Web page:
By EILEEN NG
KUALA LUMPUR, Malaysia (AP) — Security camera footage obtained by Japanese television appears to show a careful and deliberate attack last week on the exiled half brother of North Korea’s ruler, while Malaysia said on Feb. 20 it had recalled its ambassador to North Korea amid rising tensions between the nations.
The footage, obtained by Fuji TV and often grainy and blurred, seems to show two women approaching Kim Jong Nam from different directions as he stands at a ticketing kiosk at the budget terminal of the Kuala Lumpur airport. One — apparently a Vietnamese woman now under arrest — comes up behind him and appears to hold something over his mouth for a few seconds.
Then the women turn and calmly walk off in different directions. More footage shows Kim, a long-estranged scion of the family that has ruled North Korea for three generations, walking up to airport workers and security officials, gesturing at his eyes and seemingly asking for help. He then walks alongside as they lead him to the airport clinic.
Fuji TV has not revealed how it acquired the video footage, which was taken by a series of security cameras as Kim arrived for a flight to Macau, where he had a home.
Kim, in his mid-40s, died shortly after the attack, en route to a hospital after suffering a seizure, Malaysian officials say.
Malaysia’s deputy national police chief, Noor Rashid Ibrahim, said that Kim had told airport customer service workers that “two unidentified women had swabbed or had wiped his face with a liquid and that he felt dizzy.”
Since Kim’s death last week, authorities have been trying to piece together details of what appeared to be an assassination. Malaysian police have so far arrested four people carrying identity documents from North Korea, Malaysia, Indonesia, and Vietnam.
Investigators are looking for four North Korean men who flew out of Malaysia the same day as the attack, Malaysian police said.
Noor Rashid said the men arrived in Malaysia on different days beginning Jan. 31 and flew out of the country on Feb. 13.
“I am not going disclose where they are,” he told a room packed with journalists, adding that Interpol was helping with the investigation.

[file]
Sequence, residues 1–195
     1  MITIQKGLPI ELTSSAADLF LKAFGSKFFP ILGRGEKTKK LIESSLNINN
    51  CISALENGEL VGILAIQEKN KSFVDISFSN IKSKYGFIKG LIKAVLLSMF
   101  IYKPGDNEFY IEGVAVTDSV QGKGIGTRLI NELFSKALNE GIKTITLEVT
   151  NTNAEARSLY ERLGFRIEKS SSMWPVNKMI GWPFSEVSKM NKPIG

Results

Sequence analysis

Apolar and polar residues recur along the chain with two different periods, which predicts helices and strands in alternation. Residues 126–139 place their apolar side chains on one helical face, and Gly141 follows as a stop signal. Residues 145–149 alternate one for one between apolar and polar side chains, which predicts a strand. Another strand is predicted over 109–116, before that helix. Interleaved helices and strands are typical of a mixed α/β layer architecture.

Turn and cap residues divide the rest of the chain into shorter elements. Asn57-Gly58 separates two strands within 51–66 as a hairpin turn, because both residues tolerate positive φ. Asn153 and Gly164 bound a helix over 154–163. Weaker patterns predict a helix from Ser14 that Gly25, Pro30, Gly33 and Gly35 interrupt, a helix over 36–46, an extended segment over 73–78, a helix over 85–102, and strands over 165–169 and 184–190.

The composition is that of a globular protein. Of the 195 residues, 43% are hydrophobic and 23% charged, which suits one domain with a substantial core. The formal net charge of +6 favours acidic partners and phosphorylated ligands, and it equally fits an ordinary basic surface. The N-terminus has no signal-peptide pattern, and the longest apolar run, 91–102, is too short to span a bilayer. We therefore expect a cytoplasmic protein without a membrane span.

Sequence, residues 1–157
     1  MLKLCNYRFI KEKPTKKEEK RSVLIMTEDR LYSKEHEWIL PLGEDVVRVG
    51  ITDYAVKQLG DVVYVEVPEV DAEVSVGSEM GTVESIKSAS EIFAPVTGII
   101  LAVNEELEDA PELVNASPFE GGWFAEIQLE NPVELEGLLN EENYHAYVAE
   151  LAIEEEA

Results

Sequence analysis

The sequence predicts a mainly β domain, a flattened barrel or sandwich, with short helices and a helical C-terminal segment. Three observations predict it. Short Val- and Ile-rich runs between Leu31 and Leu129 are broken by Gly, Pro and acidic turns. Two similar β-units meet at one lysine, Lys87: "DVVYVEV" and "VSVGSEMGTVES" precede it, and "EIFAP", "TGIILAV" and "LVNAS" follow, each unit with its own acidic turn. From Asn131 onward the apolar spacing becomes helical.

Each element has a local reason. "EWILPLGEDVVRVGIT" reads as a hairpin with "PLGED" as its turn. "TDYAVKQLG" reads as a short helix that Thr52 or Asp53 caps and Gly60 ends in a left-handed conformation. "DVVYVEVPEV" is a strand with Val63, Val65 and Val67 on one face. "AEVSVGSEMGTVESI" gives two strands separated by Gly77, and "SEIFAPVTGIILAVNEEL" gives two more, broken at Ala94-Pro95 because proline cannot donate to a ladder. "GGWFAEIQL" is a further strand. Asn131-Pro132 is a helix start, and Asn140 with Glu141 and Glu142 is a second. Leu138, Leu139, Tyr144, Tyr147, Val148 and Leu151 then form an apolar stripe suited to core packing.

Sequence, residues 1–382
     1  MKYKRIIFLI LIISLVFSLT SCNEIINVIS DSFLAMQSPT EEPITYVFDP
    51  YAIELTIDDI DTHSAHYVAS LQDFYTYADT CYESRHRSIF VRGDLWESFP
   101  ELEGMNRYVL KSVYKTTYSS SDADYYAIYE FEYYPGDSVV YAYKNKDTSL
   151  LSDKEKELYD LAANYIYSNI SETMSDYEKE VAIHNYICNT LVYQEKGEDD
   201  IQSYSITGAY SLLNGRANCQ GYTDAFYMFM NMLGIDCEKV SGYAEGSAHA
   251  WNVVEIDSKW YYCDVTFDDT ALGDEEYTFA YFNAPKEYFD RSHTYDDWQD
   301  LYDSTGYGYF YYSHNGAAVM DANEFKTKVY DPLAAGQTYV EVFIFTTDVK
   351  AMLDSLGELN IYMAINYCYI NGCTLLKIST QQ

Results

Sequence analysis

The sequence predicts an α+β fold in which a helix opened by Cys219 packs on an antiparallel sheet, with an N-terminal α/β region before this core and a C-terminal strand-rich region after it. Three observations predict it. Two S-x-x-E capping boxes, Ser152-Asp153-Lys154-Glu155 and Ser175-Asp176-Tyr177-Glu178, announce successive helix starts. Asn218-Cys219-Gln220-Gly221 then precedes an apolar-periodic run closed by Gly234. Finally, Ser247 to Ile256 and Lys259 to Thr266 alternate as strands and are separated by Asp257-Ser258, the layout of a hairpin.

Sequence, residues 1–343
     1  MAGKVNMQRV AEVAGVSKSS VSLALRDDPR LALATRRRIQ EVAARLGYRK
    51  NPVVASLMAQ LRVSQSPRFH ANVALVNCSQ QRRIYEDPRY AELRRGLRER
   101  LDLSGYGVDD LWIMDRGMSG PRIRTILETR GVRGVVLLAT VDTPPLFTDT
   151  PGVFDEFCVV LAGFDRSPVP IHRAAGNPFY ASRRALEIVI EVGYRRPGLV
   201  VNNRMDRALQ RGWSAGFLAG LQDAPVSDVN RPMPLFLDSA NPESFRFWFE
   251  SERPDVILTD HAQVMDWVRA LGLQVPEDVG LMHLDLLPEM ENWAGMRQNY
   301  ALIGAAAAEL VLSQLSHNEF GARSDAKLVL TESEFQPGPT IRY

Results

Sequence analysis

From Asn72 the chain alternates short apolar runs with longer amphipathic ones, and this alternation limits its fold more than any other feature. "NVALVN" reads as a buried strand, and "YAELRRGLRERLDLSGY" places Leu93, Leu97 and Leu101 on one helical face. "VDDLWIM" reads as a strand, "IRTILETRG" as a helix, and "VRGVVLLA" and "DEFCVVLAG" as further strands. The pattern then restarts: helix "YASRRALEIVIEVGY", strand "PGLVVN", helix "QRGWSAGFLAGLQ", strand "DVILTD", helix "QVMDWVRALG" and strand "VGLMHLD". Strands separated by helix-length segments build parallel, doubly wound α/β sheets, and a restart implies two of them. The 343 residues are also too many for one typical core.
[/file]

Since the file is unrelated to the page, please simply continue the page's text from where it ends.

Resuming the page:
The four men, who range in age from their early 30s to late 50s, were traveling on regular — not diplomatic — passports, he said.
Indonesian officials say three of those men transited through Jakarta’s Soekarno-Hatta International Airport after the apparent assassination, leaving on a 10:20 p.m. flight to Dubai.
That was about 12 hours after the attack on Kim Jong Nam. A fourth man flew out of Jakarta on Thursday, Jan. 19, to Bangkok, according to Indonesia’s immigration office spokesman Agung Sampurno.
Police also want to question three other people. Noor Rashid said one was North Korean, but that police had not yet identified the other two. It was not clear if they were suspects or simply wanted for questioning. Malaysian officials said on Feb. 21 that autopsy results are so far inconclusive.
Armed guards have begun 24-hour security around the Malaysian morgue where Kim Jong Nam’s body is being kept after an alleged break-in attempt, officials said on Feb. 22. Malaysian officials said they do not believe the North Koreans were behind the forced entering — a suspect has been identified but they didn’t release any information about the person. It’s also not clear what Malaysian officials classify as a “break-in.”
Investigators also want to speak to Kim Jong Nam’s next of kin to formally identify the body. He is believed to have two sons and a daughter with two women living in Beijing and Macau.
“We haven’t met the next of kin,” Noor Rashid said. “We are trying very hard to get the next of kin to come and to assist us in the investigation.”
Noor Rashid said charges against the four suspects in custody would be determined by prosecutors.
According to police, the Indonesian woman is a spa masseuse and the Malaysian man, a caterer, is believed to be her boyfriend. The Vietnamese woman works at an entertainment outlet and the North Korean man works in the information technology department of a Malaysian company.
The Indonesian woman has told investigators that she was duped into thinking she was part of a comedy show prank.
The case has raised tensions between Malaysia and North Korea. Pyongyang demanded custody of Kim’s body and strongly objected to an autopsy. The Malaysians went ahead with the procedure anyway, saying they were simply following procedure.
Kang Chol, North Korea’s ambassador to Malaysia, said that Malaysia may be “trying to conceal something” and that the autopsy was carried out “unilaterally and excluding our attendance.” On Feb. 20, the Malaysian foreign ministry said it had recalled its ambassador “for consultations” and had summoned Kang to a meeting, “to seek an explanation on the accusations he made against the Government of Malaysia.”
The statement called Kang’s comments “baseless” and said it “takes very seriously any unfounded attempt to tarnish its reputation.”
It said the government had kept the North Korean embassy informed of the situation, telling them that because “the death occurred in Malaysian soil under mysterious circumstances, it is the responsibility of the Malaysian Government to conduct an investigation to identify the cause of death.”
South Korea has been quick to blame North Korea for the death of Kim Jong Nam, who as the eldest son of the late dictator Kim Jong Il was once widely seen as the ruler-in-waiting of the isolated nation. However, he fell out of favor more than a decade ago, and has spent most of his time since then living in China or Southeast Asia.